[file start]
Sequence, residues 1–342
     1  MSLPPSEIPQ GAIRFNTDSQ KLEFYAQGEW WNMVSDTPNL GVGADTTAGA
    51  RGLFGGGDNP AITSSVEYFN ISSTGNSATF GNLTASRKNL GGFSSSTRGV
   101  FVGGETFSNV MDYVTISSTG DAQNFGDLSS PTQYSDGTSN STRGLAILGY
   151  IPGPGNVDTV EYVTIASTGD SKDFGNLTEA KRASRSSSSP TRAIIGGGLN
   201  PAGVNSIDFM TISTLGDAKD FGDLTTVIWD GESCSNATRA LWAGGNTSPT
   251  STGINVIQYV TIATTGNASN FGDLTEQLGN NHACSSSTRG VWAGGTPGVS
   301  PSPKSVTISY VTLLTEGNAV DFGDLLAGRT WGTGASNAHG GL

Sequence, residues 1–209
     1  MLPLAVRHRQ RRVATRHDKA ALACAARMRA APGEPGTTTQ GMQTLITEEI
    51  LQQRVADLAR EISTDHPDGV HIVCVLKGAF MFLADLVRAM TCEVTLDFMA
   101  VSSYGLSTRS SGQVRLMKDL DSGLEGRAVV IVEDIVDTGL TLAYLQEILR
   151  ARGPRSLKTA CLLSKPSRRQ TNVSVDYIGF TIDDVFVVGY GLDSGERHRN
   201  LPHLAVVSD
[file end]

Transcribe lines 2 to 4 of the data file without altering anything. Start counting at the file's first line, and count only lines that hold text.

     1  MSLPPSEIPQ GAIRFNTDSQ KLEFYAQGEW WNMVSDTPNL GVGADTTAGA
    51  RGLFGGGDNP AITSSVEYFN ISSTGNSATF GNLTASRKNL GGFSSSTRGV
   101  FVGGETFSNV MDYVTISSTG DAQNFGDLSS PTQYSDGTSN STRGLAILGY